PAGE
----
Plate III depicts the double reflecting microscope, which is described as having a greater ease of use than John Marshall's (1663-1725) great double microscope. The components and operation are discussed in detail in chapter V. The double reflection illuminates specimens, providing greater clarity. Concave glass is used to retain liquid specimens. Glass tubes are used to immobilize living organisms for examination.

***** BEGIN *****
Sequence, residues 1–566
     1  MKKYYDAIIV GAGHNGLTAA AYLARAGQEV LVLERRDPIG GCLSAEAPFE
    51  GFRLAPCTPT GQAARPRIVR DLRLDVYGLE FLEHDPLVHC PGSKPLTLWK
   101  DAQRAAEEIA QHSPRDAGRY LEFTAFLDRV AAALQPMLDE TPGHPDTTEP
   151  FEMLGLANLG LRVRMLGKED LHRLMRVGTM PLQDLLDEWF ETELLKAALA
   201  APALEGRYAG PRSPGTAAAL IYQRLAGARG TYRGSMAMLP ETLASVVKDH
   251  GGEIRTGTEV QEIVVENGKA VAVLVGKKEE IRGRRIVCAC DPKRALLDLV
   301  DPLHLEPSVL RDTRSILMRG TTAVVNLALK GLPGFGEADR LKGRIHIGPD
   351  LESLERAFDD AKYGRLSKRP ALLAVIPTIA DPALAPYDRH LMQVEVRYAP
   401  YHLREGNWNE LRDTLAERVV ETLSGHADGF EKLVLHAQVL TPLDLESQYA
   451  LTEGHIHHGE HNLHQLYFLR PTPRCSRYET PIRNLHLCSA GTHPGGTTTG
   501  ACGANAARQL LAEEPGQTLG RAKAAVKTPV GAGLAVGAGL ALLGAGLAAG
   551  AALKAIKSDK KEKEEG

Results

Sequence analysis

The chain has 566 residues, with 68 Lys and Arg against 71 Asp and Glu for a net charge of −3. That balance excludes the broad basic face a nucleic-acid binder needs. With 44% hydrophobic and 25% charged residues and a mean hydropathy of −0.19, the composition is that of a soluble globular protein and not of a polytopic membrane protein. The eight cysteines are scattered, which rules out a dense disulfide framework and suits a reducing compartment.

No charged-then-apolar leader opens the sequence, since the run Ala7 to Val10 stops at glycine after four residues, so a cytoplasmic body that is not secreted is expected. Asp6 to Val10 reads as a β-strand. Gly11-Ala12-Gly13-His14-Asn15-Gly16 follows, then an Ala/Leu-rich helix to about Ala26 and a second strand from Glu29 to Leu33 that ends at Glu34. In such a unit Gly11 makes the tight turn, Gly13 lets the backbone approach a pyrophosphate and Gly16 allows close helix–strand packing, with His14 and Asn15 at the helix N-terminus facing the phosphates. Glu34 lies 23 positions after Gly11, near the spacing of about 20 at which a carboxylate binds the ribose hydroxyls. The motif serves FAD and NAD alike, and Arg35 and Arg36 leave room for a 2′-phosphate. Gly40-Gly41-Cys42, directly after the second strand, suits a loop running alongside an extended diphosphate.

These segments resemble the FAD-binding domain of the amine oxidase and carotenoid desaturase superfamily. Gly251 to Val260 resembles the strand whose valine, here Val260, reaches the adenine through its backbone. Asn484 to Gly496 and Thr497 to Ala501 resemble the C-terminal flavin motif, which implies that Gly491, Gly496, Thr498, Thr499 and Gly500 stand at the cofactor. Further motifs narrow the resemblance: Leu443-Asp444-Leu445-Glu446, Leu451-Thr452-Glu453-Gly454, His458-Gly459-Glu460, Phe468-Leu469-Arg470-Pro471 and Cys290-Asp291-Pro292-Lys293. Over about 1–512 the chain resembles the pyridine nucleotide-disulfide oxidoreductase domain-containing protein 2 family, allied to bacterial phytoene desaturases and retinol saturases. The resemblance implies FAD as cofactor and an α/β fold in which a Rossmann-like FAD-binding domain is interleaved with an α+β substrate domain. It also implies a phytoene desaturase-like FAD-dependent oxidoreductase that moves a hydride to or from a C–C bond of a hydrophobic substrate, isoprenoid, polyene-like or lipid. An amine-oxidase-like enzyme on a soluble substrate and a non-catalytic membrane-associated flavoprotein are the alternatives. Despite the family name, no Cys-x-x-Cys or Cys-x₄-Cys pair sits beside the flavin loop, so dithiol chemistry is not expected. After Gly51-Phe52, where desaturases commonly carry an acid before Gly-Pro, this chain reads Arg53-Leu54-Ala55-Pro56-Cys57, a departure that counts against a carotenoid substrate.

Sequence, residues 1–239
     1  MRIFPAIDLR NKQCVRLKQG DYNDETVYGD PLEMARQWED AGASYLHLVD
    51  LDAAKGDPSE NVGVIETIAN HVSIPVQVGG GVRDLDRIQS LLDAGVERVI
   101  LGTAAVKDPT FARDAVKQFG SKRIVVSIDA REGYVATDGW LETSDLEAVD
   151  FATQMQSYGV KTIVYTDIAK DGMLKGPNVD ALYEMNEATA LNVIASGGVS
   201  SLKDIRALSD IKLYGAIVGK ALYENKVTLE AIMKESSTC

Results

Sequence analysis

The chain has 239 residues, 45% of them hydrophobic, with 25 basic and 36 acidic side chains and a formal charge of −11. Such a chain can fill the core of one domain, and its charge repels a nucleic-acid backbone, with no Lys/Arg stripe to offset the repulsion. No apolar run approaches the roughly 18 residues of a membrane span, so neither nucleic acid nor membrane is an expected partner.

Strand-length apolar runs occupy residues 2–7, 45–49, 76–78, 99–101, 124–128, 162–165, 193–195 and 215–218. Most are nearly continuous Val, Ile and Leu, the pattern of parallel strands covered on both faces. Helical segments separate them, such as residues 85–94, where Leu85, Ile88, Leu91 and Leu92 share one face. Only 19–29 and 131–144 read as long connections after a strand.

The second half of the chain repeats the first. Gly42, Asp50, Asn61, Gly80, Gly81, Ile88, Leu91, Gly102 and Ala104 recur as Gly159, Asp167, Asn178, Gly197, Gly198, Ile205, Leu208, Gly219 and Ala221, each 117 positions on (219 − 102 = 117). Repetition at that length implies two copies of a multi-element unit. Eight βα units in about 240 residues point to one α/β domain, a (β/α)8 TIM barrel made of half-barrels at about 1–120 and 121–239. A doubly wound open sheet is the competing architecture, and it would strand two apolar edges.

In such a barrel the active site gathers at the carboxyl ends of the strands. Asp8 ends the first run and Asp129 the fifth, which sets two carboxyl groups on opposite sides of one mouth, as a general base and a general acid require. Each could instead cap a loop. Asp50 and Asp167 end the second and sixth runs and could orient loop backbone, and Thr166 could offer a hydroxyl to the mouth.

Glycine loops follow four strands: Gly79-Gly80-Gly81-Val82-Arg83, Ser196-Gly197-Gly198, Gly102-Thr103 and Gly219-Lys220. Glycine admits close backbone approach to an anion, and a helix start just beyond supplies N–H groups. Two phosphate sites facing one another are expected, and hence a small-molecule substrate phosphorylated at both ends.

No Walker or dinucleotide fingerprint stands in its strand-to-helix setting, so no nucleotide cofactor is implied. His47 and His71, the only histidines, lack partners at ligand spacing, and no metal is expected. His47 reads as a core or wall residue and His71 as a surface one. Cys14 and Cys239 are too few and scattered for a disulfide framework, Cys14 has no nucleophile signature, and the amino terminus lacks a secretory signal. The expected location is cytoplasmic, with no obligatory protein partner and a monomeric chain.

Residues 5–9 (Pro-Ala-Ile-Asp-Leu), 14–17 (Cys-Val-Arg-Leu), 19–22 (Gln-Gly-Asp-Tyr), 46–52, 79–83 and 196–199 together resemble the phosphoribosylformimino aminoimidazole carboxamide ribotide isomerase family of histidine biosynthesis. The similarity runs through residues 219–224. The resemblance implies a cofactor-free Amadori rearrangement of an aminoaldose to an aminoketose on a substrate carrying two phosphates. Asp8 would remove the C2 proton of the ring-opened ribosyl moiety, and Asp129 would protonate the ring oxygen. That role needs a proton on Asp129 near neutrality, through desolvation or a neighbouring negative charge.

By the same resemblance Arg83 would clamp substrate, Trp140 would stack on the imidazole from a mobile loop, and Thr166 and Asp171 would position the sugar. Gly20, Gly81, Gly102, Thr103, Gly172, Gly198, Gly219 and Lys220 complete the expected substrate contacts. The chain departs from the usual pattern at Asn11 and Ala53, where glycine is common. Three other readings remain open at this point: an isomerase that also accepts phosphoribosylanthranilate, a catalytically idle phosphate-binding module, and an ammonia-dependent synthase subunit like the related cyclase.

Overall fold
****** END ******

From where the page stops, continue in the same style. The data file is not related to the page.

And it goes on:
This plate comes from The Microscope Made Easy by Henry Baker (1698-1774), a book that popularized the microscope in the 18th century. The first section describes simple and compound microscopes along with how to prepare specimens and calculate their size. The second section introduces the reader to microscopy and the laboratory manual. Also includes "Animalcules," or microscopic animals, and anatomical discoveries made with the microscope.
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|Original file type||TIFF|
|Rights||Public Domain Mark 1.0|
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